5169 10th Ave N
I drove down to St. Pete this morning to find Jack Kerouac’s house. In all my years of living in Tampa I had never gotten around to going there. I stood on the front lawn for a couple minutes to snap some pictures, noticing how quiet it was on that corner, just a few blocks away from traffic, strip malls and the endless pavements of suburban Florida. Kerouac bought the house in 1968 and it’s supposedly still owned by his brother in law. He lived there until his death in 1969 after renting the house next door for two years. It’s a street with quite a few old oak trees that hang over the houses offering some nice silence.
Part of what led me to finally go see his house is that I’m reading Visions of Cody for the first time right now. It’s a wonderful book, with its imperfections brought to the surface for the reader to stumble on as you move through its lush pages. There’s a sense of prophecy in his precise observation of mundane city details, dusty windows, odd cafeteria signs, anonymous pedestrians walking by, Manhattan and her boroughs as cosmic striations.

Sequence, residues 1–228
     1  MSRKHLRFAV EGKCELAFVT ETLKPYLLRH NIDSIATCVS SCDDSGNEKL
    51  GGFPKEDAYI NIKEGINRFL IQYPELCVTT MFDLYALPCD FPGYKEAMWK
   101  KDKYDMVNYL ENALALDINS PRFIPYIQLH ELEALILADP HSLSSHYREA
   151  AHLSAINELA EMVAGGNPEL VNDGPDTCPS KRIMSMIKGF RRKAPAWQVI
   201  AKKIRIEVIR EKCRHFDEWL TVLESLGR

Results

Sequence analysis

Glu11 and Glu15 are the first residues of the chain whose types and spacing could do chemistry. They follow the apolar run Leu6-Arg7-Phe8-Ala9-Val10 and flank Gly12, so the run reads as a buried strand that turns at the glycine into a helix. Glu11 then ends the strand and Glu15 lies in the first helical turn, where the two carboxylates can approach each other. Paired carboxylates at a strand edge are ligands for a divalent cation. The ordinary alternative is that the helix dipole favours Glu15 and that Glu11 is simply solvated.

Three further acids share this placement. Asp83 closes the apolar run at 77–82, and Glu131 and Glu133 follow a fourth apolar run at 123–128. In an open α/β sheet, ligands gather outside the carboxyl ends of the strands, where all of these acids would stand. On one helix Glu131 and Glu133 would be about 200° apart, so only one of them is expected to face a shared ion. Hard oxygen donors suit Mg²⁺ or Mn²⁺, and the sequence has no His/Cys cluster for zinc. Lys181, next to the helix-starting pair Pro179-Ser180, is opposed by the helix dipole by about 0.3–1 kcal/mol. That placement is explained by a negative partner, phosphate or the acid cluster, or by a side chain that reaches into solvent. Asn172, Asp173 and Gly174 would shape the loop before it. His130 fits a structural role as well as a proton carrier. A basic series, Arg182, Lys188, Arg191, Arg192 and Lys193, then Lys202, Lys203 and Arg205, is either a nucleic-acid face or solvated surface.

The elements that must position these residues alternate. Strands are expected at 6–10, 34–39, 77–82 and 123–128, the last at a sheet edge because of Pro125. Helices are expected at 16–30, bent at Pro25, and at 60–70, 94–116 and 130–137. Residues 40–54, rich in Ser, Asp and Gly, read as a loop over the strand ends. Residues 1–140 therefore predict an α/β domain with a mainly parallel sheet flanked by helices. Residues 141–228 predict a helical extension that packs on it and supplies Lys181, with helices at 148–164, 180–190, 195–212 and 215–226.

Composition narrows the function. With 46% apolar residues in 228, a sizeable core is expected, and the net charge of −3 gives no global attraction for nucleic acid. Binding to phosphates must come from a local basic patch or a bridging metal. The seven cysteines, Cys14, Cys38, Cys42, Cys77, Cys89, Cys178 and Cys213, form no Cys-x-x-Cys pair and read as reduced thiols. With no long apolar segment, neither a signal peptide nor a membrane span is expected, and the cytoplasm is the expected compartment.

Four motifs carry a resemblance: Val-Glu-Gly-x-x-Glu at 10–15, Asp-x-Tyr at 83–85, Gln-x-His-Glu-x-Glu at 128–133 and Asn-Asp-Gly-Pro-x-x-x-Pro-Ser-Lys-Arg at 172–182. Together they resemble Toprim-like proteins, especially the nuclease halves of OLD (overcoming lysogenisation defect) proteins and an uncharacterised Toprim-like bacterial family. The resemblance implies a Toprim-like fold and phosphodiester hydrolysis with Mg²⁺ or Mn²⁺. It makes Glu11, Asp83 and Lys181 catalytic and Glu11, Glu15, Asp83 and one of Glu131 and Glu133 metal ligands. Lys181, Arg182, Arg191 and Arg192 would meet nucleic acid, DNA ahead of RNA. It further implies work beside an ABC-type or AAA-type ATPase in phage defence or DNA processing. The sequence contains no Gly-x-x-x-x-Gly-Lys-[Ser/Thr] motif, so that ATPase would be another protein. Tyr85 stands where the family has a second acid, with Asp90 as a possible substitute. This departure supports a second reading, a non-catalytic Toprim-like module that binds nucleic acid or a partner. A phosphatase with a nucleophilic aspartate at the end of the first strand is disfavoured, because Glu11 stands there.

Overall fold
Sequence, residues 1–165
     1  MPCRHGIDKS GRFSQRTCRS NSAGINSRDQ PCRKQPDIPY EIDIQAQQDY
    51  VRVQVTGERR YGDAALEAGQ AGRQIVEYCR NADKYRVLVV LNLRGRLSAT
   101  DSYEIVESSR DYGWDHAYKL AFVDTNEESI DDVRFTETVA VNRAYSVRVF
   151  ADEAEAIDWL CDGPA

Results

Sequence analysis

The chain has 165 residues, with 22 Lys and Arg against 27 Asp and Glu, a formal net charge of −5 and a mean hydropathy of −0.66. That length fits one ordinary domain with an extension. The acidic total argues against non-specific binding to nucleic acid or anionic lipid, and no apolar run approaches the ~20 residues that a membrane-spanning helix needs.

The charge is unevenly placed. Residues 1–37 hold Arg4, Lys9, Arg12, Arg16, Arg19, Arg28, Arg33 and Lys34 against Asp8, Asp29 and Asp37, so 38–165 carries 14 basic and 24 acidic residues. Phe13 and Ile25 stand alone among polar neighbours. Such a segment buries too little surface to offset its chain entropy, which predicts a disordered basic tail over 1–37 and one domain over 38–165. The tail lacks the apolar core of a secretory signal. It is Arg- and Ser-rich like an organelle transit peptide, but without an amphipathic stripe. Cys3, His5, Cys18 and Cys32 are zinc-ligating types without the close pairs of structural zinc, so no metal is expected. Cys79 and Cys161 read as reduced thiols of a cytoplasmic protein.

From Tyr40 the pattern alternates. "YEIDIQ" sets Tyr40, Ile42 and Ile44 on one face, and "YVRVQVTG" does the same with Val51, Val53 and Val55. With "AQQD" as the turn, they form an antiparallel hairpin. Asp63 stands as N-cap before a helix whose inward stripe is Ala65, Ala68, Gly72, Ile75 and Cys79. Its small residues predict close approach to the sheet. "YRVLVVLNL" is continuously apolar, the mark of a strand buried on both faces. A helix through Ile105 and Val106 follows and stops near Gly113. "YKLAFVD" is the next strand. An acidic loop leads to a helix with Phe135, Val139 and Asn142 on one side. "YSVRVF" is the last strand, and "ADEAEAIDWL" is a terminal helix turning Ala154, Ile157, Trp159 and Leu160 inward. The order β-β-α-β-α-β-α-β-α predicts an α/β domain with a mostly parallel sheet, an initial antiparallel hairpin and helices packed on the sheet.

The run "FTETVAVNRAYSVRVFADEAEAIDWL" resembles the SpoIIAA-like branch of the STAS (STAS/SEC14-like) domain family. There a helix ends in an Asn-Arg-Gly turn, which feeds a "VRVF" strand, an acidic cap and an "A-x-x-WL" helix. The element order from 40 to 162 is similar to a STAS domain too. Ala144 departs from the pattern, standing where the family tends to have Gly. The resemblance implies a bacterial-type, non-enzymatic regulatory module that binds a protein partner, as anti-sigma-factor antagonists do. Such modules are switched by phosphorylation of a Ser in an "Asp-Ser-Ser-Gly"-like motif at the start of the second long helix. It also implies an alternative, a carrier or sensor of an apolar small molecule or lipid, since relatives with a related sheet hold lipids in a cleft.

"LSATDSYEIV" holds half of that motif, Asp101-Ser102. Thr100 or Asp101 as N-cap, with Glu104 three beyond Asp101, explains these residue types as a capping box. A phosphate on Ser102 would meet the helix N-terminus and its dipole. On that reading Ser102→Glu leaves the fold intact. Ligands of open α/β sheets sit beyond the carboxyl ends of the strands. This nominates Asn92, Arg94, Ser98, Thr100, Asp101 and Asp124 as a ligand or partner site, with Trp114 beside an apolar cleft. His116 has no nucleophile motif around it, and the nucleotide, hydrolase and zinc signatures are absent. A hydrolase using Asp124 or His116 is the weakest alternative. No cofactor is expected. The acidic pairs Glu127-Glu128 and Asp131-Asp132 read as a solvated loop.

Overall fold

As always when I’m back in Tampa, I feel like a ghost passing through certain physical and emotional landscapes tied to various labyrinths orbiting through & around the years 1989 to 1995. Having just finished Jennifer Moxley’s engrossing memoir of her undergraduate years in San Diego, The Middle Room (Subpress, 2007) – on which more later –, I’m particularly attuned to Tampa as a place where I began an apprenticeship, the city where I first encountered poetry and made a choice to pursue its avenues. Moxley’s San Diego in the mid to late 80s reminds me in some ways of my early 90s Tampa. And Kerouac was a central component of that process I underwent what feels like centuries ago.